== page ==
Nina Persson, Animal Heart: Solo record from the frontwoman of The Cardigans, a band a lot of people liked in the ’90s. This is pretty mellow stuff — anyone looking for the breathy fizz of “Lovefool” will be sorely disappointed. Torch songs with drum machines, is what I’m saying.
Thug Entrancer, Death After Life: The latest on Daniel Lopatin’s Software label, Thug Entrancer repurposes Chicago juke. Abby Garnett says:
Thug Entrancer is Ryan McRyhew, a Denver native who moved to Chicago in 2011, and on Death After Life he regurgitates the style of his adoptive hometown with robotic efficiency. But while each of the eight tracks includes some emulation of juke’s layered, syncopated rhythms, they aren’t exactly party starters.
The People’s Temple, Musical Garden: And with this, we move into a little section I like to call, New Releases on Labels I Love. First up: the third record from the People’s Temple, on Chicago’s can’t miss HoZac Records. I’ve been surprised by the rate at which PT has been cranking out albums. It feels like it was just 20 minutes ago they put out their — I’m just gonna say it — slightly disappointing second record. This one sounds like it rights the ship: it’s more limber and spry where its predecessor felt sluggish and lazy. This is good-weed basement-style psych-rock, the kind of thing kids in the ’70s were bashing out on cheap amps after school.
Ruined Fortune, Ruined Fortune: Hoo baby! This HIGHLY RECOMMENDED new record also arrives courtesy of HoZac, and its pedigree is impossible to argue with. Featuring Nic Warnock, who runs the 100% excellent R.I.P. Society label and is also in Bed Wettin’ Bad Boys as well as Angie Garrick, who’s also in Bed Wettin’ Bad Boys, as well as Circle Pit and Daniel Spencer from Blank Realm on drums, this record couldn’t help but be the best. Scuzz, filth, echo, sludge, lower-than-lo-fi and so up my alley. You know what to do.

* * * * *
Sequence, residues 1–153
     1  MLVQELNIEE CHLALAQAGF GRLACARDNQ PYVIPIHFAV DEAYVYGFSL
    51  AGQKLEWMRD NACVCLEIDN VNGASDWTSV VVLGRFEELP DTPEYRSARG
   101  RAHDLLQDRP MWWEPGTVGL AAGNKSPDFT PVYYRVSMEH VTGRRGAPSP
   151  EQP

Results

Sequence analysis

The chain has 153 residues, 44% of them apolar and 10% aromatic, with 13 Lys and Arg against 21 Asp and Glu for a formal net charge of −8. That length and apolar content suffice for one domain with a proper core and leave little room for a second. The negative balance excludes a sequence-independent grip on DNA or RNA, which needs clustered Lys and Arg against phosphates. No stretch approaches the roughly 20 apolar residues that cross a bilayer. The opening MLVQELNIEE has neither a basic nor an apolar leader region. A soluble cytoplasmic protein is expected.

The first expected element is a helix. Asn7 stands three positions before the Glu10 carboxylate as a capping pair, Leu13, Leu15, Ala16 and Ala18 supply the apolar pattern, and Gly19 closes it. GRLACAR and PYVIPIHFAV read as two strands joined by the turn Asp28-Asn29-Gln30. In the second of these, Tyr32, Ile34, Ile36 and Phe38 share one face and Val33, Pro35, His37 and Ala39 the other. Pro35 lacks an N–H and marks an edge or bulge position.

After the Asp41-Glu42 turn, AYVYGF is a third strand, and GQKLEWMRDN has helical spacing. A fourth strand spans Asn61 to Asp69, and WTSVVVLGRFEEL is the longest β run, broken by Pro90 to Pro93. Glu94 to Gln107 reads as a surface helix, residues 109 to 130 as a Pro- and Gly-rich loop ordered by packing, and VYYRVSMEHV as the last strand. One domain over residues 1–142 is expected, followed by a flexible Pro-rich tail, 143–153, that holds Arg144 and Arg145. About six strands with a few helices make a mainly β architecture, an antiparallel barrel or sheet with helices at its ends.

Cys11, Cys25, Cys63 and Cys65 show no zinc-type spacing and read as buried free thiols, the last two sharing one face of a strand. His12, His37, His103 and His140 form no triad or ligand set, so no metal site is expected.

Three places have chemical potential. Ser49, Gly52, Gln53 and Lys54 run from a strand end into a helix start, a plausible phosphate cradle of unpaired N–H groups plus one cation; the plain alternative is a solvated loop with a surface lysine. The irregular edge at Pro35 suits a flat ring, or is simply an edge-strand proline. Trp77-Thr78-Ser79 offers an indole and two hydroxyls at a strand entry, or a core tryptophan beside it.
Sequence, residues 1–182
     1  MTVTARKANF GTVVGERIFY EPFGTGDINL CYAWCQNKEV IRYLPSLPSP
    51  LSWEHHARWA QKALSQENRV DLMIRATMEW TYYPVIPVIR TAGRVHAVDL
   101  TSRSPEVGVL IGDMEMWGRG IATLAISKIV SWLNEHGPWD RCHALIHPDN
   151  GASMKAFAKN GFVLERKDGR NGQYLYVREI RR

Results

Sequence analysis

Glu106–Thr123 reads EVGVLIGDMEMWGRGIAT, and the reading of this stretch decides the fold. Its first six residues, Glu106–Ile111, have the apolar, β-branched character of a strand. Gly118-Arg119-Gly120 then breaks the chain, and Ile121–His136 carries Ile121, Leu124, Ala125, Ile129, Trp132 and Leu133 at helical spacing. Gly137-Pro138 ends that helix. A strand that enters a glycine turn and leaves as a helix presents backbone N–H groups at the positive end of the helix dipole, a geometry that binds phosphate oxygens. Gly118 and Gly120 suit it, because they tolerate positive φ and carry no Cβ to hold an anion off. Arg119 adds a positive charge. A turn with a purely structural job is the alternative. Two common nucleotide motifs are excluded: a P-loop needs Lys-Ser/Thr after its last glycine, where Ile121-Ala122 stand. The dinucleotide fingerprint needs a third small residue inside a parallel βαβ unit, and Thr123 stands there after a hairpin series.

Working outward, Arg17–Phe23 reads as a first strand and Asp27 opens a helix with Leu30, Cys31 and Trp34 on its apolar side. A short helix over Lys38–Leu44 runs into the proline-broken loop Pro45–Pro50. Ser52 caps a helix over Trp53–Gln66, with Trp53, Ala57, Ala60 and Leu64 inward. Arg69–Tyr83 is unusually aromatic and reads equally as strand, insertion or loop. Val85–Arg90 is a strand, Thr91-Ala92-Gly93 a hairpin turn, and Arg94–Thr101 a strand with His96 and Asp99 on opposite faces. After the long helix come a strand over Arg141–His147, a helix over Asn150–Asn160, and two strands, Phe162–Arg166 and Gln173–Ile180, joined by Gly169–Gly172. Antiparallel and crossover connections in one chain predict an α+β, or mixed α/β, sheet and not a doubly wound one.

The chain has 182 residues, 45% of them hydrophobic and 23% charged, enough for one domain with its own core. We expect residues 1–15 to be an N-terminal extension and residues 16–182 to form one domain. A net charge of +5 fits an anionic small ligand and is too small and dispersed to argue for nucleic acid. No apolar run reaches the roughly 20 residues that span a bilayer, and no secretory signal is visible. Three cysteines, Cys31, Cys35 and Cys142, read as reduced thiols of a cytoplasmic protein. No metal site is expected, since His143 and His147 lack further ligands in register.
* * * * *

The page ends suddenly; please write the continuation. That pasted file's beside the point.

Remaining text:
New Coke, “Duct Tape Your Mouth”: New single from our good friends at the excellent Slovenly Records, New Coke are a band from Florida (of all places) who specialize in melodic rock full of knotted, gnarled guitars. Not unlike a more-polished Gories in spots.
PYPY, Pagan Day: Also from Slovenly, and officially concluding the New Releases on Labels I Love section comes this weirdo slab from Canadian group PYPY. This is a weird one — lots of reverb and echo, but the structures are loose and almost dubby in places. It kind of reminds me of, like, A Certain Ratio or the dancier/less menacing moments of the Pop Group. Awesomely weird.
Speedy Ortiz, Real Hair EP: New EP from one of my favorite new bands is just as gnarled and growling as its predecessor, but you can hear the band getting stronger, even more accomplished (Which, given how strong their debut was, is saying something). Barbed-wire tangles of guitar wrap around Sadie Dupuis’s cool, plainspoken vocals. RECOMMENDED